Vasohibin-2 expressed in human serous ovarian adenocarcinoma accelerates tumor growth by promoting angiogenesis

Yoshifumi Takahashi, Takahiro Koyanagi, Yasuhiro Suzuki, Yasushi Saga, Naoki Kanomata, Takuya Moriya, Mitsuaki Suzuki, Yasufumi Sato

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52 Citations (Scopus)


Vasohibin-1 (VASH1) is a VEGF-inducible endothelium-derived angiogenesis inhibitor and VASH2 is its homolog. Our previous analysis revealed that VASH1 is expressed in endothelial cells to terminate angiogenesis, whereas VASH2 is expressed in infiltrating mononuclear cells mobilized from bone marrow to promote angiogenesis in a mouse model of hypoxia-induced subcutaneous angiogenesis. To test the possible involvement of VASH2 in the tumor, we examined human ovarian cancer cells for the presence of VASH2. Immunohistochemical analysis revealed that VASH2 protein was preferentially detected in cancer cells of serous ovarian adenocarcinoma. We then used SKOV-3 and DISS, two representative human serous adenocarcinoma cell lines, and examined the role of VASH2 in the tumor. The knockdown of VASH2 showed little effect on the proliferation of cancer cells in vitro but notably inhibited tumor growth, peritoneal dissemination, and tumor angiogenesis in a murine xenograft model. Next, we stably transfected the human VASH2 gene into two types of murine tumor cells, EL-4 and MLTC-1, in which endogenous VASH2 was absent. When either EL-4 or MLTC-1 cells were inoculated into VASH2 (-/-) mice, the VASH2 transfectants formed bigger tumors when compared with the controls, and the tumor microvessel density was significantly increased. VASH2 stimulated the migration of endothelial cells, and its increased expression in cancer cells is related to the decrease of mir-200b. These results indicate that VASH2 expressed in serous ovarian carcinoma cells promoted tumor growth and peritoneal dissemination by promoting angiogenesis.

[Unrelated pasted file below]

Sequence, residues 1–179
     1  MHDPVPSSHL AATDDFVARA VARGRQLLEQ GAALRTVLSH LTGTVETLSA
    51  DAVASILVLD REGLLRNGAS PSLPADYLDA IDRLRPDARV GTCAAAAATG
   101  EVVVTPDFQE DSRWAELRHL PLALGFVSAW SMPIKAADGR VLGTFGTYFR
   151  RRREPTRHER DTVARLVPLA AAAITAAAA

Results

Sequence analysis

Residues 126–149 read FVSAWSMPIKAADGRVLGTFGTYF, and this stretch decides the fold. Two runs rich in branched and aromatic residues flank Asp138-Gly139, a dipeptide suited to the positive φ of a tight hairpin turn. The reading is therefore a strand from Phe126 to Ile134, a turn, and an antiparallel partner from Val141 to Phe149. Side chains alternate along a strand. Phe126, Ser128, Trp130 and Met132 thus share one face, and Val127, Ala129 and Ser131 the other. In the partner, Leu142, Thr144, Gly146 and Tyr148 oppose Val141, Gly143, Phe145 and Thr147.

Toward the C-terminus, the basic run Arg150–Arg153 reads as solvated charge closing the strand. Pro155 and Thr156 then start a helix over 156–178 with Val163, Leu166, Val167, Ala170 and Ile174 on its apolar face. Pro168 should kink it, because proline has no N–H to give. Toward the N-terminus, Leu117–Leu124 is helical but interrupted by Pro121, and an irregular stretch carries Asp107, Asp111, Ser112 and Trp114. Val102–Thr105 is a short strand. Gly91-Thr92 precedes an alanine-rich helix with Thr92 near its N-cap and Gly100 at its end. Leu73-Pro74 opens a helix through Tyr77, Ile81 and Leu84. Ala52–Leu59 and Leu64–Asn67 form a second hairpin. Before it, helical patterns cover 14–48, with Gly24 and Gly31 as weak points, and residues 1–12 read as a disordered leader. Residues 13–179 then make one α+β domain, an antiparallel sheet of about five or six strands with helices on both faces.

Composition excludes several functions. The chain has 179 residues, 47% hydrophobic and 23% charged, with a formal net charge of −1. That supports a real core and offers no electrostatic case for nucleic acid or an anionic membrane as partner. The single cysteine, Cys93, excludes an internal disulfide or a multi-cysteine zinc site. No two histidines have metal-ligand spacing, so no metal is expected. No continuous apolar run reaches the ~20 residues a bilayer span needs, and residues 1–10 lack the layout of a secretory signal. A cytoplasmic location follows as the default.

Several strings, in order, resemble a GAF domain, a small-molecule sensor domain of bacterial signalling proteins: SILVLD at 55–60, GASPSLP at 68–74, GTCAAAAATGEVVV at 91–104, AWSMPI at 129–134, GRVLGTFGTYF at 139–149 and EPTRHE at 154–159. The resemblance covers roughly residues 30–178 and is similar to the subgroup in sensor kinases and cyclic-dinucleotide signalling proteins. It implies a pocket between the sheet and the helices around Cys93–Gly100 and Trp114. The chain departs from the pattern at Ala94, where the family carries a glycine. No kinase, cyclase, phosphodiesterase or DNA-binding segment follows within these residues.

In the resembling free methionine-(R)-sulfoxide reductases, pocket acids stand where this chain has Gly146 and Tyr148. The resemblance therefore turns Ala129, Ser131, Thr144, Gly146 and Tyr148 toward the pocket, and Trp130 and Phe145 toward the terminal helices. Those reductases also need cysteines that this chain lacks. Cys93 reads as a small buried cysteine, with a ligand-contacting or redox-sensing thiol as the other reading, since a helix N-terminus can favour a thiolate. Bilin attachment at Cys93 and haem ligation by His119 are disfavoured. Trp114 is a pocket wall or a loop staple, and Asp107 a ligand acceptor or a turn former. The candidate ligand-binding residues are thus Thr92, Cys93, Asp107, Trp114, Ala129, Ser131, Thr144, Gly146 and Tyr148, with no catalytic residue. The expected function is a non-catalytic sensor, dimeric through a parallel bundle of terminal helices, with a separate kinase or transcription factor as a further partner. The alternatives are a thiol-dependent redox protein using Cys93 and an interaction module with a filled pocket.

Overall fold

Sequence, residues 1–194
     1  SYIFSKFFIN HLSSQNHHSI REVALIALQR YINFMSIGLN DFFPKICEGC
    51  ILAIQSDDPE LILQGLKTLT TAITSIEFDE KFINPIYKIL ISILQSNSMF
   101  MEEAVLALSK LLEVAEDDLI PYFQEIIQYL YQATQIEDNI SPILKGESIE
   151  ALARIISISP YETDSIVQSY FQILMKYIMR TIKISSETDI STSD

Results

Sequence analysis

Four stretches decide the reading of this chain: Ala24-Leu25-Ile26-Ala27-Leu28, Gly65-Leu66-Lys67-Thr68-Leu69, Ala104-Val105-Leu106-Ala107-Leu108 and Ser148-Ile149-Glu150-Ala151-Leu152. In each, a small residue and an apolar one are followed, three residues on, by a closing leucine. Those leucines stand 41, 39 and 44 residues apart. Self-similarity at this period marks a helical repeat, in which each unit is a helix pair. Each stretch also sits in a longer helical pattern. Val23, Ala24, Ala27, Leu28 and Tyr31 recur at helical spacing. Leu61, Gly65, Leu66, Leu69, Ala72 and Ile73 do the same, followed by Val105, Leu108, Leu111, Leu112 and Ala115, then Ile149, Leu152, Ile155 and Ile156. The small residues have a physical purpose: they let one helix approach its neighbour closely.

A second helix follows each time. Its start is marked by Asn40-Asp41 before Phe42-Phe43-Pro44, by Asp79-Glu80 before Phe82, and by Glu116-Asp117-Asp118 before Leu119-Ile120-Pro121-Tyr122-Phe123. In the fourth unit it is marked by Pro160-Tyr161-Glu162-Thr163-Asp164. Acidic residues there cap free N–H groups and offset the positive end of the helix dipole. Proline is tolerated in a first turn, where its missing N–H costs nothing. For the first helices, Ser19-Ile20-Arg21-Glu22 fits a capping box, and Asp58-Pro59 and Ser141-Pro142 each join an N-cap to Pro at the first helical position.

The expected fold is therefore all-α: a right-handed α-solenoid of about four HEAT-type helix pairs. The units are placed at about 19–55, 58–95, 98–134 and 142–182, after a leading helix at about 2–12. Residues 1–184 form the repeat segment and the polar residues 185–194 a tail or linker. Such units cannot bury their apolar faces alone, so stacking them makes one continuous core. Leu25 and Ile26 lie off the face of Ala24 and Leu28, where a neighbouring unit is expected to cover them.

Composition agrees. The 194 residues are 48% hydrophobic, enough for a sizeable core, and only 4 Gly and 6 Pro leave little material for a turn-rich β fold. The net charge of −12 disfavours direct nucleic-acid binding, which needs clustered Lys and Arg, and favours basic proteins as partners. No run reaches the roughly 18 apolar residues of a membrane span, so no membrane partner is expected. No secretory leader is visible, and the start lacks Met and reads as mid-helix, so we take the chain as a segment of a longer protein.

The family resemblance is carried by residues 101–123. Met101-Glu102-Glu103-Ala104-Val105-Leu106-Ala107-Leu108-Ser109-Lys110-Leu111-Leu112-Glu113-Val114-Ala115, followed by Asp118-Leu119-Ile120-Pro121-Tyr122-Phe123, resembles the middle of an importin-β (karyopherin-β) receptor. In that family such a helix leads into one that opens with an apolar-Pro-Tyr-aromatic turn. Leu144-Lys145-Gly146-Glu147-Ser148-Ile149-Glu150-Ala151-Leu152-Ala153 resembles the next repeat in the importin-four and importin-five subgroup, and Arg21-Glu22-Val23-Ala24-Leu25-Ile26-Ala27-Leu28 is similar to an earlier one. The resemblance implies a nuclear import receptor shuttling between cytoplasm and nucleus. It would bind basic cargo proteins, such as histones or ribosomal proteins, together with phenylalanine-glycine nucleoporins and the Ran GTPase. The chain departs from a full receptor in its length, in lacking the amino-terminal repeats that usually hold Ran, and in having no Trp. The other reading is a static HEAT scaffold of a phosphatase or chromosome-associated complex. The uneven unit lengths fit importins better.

Original languageEnglish
Pages (from-to)1135-1146
Number of pages12
JournalMolecular Cancer Research
Issue number9
Publication statusPublished - 2012 Sep

ASJC Scopus subject areas

  • Molecular Biology
  • Oncology
  • Cancer Research


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